What is true? Dear graduates, today you depart from this ceremony with a diploma in your hand, a head full of facts and wisdom, a future as a priest, religious, mother or father, businessman, teacher, healer or soldier. You came to this college seeking truth. So I ask you again, what is true?
Are the heavens nothing more than a vast world of facts and knowledge to be explored and accumulated, then subjected to human power and intelligence? Or are they part of a divine mystery that leads to ever more mysteries, each one as wonderful as the last?
Both Newman and Pope Benedict are telling us that to neglect either the raw experience of nature or the splendid mysteries of God’s hand in this world is to be less than human. If Catholic education aims to develop the person and not just the intellect, it must begin with faith.
Your readiness to appreciate both the rigorous standards of objective reason and the mysteries of God’s love and design is crucial, not only for your own future, but as evidence of the success of Holy Apostles College and Seminary as a Catholic institution of higher learning. This college educated you without ever turning away from the Faith. Likewise these educators are relying on you to help transform this nation and build the Kingdom of God with the guidance of the Holy Spirit.
Dear graduates, in choosing Holy Apostles College and Seminary, an authentically Catholic institution rooted in faith, you chose well. The journey that you complete today only leads to many more adventures, and you now have the tools that will guide you faithfully along the right path.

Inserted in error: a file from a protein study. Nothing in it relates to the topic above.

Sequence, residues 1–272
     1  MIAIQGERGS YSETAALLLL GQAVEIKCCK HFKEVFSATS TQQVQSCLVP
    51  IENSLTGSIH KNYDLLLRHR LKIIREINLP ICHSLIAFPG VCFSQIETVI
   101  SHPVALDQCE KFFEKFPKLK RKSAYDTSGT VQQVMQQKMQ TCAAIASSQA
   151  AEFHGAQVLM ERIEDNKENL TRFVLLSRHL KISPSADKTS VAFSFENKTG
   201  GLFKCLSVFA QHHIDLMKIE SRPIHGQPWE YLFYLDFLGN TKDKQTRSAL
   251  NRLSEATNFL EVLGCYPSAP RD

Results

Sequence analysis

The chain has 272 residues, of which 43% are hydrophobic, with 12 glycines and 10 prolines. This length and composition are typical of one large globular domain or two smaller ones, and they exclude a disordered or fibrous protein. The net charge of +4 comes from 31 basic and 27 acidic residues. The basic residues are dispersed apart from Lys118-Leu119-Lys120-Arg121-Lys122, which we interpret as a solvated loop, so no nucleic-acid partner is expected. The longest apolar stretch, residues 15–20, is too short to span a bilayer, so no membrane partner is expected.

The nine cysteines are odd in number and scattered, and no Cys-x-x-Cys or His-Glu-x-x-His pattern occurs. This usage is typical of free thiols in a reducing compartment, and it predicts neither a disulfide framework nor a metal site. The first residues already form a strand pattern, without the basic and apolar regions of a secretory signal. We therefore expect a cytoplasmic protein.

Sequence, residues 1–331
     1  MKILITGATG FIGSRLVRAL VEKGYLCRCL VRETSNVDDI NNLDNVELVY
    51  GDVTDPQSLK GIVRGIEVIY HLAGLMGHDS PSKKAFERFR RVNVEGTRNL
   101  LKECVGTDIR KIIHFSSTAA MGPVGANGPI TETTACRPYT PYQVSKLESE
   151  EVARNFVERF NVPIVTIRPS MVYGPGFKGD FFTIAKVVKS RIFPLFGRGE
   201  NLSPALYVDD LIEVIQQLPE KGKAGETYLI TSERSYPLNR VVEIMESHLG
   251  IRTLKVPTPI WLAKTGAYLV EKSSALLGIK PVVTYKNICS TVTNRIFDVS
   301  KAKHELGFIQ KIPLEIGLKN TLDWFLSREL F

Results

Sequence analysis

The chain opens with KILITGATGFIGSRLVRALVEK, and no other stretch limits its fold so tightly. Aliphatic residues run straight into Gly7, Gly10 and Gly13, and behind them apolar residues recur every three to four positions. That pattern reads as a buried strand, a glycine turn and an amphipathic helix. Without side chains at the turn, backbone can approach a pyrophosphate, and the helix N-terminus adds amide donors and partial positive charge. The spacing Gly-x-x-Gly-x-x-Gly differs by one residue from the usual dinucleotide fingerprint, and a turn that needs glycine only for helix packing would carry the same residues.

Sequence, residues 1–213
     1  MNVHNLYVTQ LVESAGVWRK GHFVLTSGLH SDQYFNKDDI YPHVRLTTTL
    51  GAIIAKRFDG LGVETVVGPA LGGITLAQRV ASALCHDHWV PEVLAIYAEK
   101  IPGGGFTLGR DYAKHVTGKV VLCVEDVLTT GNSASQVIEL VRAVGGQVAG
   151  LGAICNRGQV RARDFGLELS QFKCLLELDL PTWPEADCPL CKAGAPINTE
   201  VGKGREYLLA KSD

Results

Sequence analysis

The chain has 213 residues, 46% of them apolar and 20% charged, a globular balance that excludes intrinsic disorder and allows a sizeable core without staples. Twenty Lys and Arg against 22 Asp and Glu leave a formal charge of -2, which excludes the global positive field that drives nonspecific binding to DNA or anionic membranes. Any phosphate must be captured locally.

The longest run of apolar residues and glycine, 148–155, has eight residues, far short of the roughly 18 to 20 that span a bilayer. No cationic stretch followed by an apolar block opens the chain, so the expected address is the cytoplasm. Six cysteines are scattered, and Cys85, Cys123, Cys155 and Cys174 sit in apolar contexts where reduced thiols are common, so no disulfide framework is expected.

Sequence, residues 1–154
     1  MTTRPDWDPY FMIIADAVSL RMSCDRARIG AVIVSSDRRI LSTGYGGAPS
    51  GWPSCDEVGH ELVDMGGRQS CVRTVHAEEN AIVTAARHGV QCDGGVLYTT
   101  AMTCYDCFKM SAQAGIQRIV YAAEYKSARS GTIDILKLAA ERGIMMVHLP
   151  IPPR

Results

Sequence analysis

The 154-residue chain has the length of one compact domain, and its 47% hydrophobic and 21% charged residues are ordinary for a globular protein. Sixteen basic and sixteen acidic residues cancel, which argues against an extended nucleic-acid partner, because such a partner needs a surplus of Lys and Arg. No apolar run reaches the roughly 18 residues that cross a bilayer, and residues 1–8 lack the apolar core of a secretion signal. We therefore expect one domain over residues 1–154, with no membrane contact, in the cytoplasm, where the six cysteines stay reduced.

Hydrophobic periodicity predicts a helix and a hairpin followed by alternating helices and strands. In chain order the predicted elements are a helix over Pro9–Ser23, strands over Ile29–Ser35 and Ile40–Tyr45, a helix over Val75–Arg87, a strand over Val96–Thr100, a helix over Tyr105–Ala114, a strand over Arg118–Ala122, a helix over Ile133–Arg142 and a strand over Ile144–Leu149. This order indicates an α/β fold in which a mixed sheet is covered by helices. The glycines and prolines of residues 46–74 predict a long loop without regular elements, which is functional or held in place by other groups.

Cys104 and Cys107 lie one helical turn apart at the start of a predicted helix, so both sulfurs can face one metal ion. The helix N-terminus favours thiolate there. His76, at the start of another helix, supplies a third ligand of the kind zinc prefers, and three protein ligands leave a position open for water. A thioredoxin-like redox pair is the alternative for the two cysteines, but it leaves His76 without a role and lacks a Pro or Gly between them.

The fact that you have the benefit of this experience also beckons you to the important task of renewing fidelity and Catholic life in America. The sad fact is that few Catholics today, even those who attend historically Catholic colleges and universities, get the preparation for Catholic leadership that you have now received. The Church needs you!
The Church needs your witness to the unity of faith and reason, to the great value of an education such that you have just received.
I would like to leave you with just one last quote from Newman, this from his famous “Second Spring” sermon urging on his fellow Christian evangelists in England. It is part of my prayer for you, that with the intercession of Cardinal Newman and the guidance of the Holy Spirit, you will do great things for the Church. Newman writes:
“We know not what is before us, ere we win our own; we are engaged in a great, joyful work, but in proportion to God’s grace is the fury of his enemies. …To set up the Church again in England is too great an act to be done in a corner. …[But] one thing alone I know—that according to our need, so will be our strength. …We shall not be left orphans; we shall have within us the strength of the Paraclete, promised to the Church and to every member of it.” (Newman, Sermons Preached on Various Occasions, Sermon 10, p.178-180)
May God bless you all, and may He bless Holy Apostles College and Seminary.